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Blades and wood burning

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  • Blades and wood burning

    Hi - I've been scrolling for a while now, but with great gaps in time due to school and young children. I never have seemed to get the hang of which blades to use when. Is it basically the thicker/harder the wood, the bigger the blade? And are Olsen the best to get or blades at Home Depot ok? This is my relaxation and escape time and would like to get the blade idea straight. Thank you!! Also, I am thinking about getting a wood burning tool for the once in a while burning I get the urge to do. Is a simple craft shop set ok? I don't want to spend a lot, but would like to have this tool.

  • #2
    Hi katyeo and welcome to the group, generaly the harder and thicker the wood the more aggresive the blade needs to be ie less teeth per inch a # 5 or #7 skip tooth works fine for me or you could try #2/0 spiral blade all of which you can get at Home depot if you like I have tried Olsen blades but I find them too aggresive and they really require alot of concentration cause they like to pull to one side, does your local Home depot carry ryobi blades? thats all mine carries, if you really want to expand your self try looking at Flying Dutchman blades you will find a link to his site in the links section of Fox Chapel HTH
    Daryl S. Walters Psycotic scroller with a DeWalt 788


    • #3
      Welcome Katyeo.

      Blades are the most contoversial subject you will find here. I believe some blades work better for some people and in some saws and some blades work better in others. The main thing is to acquire good brand name blades. The most common three are Olson, Pegas and Flying Dutchman. Each brand has it's followers for different reasons. Don't let anybody sway you one way or another. What works best for one may be crap to somebody else. It's taken me over 3 months to finally find what works best for me.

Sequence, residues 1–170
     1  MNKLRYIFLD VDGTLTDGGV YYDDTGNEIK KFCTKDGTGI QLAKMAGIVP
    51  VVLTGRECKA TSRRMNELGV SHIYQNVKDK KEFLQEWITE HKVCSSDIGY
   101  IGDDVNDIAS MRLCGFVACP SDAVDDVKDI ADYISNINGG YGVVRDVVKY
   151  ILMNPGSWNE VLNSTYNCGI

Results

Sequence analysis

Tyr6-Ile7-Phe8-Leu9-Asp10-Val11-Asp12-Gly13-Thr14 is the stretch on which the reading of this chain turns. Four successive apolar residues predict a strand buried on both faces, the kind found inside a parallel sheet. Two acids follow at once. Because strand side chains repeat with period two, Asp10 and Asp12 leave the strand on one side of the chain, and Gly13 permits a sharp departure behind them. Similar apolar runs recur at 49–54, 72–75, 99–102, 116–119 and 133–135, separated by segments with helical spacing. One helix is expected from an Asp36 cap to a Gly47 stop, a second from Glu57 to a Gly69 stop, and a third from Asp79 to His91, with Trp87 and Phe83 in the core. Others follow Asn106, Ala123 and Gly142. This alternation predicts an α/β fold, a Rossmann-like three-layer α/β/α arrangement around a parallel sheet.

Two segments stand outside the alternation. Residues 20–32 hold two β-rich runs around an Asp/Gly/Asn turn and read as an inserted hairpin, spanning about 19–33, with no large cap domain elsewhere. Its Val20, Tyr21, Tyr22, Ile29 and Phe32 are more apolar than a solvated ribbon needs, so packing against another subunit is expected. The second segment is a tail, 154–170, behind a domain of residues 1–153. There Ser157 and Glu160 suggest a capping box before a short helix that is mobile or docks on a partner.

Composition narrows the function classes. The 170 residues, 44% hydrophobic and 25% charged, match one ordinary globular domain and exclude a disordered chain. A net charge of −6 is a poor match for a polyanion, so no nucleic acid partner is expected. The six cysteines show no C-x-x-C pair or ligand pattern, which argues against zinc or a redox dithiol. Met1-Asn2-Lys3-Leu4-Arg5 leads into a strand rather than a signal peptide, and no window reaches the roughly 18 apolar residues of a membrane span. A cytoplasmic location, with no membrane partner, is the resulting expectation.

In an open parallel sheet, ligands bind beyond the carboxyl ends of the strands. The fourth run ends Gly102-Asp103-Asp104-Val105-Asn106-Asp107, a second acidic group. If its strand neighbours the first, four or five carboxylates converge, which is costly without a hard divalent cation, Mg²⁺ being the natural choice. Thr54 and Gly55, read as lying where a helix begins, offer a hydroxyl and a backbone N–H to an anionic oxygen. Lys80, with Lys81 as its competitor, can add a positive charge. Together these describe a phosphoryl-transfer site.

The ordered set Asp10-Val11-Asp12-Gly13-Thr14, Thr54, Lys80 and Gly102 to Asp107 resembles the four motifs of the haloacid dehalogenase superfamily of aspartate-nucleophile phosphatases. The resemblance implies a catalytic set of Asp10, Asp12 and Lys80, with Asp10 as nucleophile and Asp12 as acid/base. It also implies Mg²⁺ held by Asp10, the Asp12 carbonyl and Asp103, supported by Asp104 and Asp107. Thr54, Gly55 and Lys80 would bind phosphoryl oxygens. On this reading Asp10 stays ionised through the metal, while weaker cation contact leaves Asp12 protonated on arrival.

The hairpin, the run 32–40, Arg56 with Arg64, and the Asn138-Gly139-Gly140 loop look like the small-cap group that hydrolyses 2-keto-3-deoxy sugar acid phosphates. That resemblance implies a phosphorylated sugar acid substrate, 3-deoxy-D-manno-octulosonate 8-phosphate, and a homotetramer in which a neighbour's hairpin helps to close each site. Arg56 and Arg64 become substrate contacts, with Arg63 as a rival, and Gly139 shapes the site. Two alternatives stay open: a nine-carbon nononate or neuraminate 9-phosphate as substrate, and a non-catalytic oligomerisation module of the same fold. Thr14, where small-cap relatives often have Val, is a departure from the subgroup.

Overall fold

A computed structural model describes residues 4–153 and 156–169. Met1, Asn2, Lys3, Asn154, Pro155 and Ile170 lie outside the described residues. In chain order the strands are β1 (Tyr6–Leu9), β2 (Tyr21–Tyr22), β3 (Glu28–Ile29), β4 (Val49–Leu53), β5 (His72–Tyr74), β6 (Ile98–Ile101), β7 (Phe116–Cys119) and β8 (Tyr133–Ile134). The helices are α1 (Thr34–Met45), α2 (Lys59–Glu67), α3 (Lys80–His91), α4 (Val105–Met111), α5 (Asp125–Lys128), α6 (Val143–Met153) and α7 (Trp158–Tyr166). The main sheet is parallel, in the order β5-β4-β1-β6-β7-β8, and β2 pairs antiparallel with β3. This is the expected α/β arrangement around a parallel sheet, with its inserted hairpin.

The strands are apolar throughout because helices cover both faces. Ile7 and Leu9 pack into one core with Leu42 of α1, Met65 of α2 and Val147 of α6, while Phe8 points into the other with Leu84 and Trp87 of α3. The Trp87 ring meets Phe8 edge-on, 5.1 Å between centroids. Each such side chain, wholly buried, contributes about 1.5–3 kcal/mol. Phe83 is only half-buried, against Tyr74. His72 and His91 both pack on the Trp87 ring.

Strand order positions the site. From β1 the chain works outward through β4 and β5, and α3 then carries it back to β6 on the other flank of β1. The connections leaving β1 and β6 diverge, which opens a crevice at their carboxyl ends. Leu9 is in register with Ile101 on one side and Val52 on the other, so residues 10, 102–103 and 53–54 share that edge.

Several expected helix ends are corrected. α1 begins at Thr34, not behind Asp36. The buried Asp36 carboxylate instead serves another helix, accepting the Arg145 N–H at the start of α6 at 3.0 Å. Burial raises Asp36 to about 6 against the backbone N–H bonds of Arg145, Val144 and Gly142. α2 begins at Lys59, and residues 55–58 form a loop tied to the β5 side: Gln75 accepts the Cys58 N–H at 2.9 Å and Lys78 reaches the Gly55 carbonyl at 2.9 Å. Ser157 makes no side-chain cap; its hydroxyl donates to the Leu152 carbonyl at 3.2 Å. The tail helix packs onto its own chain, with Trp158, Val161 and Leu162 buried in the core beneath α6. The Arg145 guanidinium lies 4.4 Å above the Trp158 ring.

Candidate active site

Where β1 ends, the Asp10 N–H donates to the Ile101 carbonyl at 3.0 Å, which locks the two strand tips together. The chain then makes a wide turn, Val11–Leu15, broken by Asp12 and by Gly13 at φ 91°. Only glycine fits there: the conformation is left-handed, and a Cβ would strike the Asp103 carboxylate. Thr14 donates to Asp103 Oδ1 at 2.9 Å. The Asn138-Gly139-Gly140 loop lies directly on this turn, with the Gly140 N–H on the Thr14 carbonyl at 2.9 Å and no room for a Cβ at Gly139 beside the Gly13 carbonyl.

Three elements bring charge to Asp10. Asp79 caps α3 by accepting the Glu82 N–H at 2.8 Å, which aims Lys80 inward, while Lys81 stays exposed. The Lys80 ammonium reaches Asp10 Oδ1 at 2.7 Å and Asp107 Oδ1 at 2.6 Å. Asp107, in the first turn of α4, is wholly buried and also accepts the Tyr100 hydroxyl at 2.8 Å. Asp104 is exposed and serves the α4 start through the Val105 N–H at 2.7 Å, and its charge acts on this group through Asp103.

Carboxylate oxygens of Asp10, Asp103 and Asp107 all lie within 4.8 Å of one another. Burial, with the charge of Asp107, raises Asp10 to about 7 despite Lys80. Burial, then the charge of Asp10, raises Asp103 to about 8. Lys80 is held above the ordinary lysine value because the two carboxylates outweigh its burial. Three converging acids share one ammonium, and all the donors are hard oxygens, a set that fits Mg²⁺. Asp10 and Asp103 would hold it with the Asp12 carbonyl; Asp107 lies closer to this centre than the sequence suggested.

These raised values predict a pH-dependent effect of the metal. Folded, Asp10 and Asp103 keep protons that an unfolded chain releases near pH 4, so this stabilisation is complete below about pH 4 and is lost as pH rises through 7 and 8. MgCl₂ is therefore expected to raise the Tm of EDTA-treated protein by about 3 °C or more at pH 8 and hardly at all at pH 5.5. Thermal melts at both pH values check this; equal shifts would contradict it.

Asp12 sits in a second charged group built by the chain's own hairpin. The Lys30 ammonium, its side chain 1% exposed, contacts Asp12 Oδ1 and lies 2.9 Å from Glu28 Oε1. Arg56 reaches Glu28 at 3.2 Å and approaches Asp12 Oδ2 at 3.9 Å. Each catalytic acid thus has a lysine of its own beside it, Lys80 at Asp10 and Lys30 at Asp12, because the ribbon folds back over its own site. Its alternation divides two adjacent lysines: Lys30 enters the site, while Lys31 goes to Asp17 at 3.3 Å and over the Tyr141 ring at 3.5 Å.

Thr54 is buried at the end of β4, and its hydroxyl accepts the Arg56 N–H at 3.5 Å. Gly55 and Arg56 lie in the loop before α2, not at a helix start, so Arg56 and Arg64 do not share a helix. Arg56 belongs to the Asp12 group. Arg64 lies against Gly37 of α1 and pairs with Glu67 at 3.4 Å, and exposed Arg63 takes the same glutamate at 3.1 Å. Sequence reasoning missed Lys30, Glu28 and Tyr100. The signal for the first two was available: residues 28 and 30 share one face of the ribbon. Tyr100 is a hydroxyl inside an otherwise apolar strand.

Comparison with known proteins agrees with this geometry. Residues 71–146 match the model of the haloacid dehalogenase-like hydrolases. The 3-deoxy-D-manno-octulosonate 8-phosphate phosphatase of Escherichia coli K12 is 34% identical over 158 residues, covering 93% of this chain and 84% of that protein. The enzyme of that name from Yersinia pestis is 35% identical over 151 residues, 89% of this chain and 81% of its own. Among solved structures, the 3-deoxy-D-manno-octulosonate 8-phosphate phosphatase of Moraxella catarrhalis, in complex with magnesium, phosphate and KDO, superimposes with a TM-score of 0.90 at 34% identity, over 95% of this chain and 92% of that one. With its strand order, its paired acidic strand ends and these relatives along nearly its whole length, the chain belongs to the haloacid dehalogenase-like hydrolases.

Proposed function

I just scrolled 1/2" hardwood with a #2 Olson skiptooth and it worked great. For 1/8" - 1/4" I have found the Olson #0 skiptooth works best. I don't find them too agressive at all. I actually find them the easiest to turn.

      Other than that, Daryl had good points. Normally, the thinner the wood the fine (smaller number) the blade. Other than that, experiment with different brands, sizes and styles.

      Good luck and we're here for you.
      Last edited by Minnesota scroller; 10-05-2006, 10:15 PM.

      Making sawdust with a Dremel 1680.


      • #4
        What Daryl says is good advice. Check out the blades he suggested.Your blade choice should be based on the density of wood, thickness you are cutting, and how tight your turns are, as well as saw speed, and many other factors. I would suggest getting yourself a few different sizes and styles to try. What thickness do you tend to cut mostly, and what type of wood? Also, is your saw a variable speed saw? The thicker, denser the wood, the higher blade number will be your best bet. For instance, if cutting 1/2 inch red oak, I tend to use a #3 Flying Dutchman Two-Way (FD-TC)cut blade.If the pattern isnt really difficult, I will use a #5 FD-TC blade. If I got to 3/4 red oak, I generally use a #5 FD-TC if intricate,or a #7 . If I am trying 1 inch thick, I go to a #7 or #9 blade without any reverse teeth so the sawdust will clear out of the cut. Dale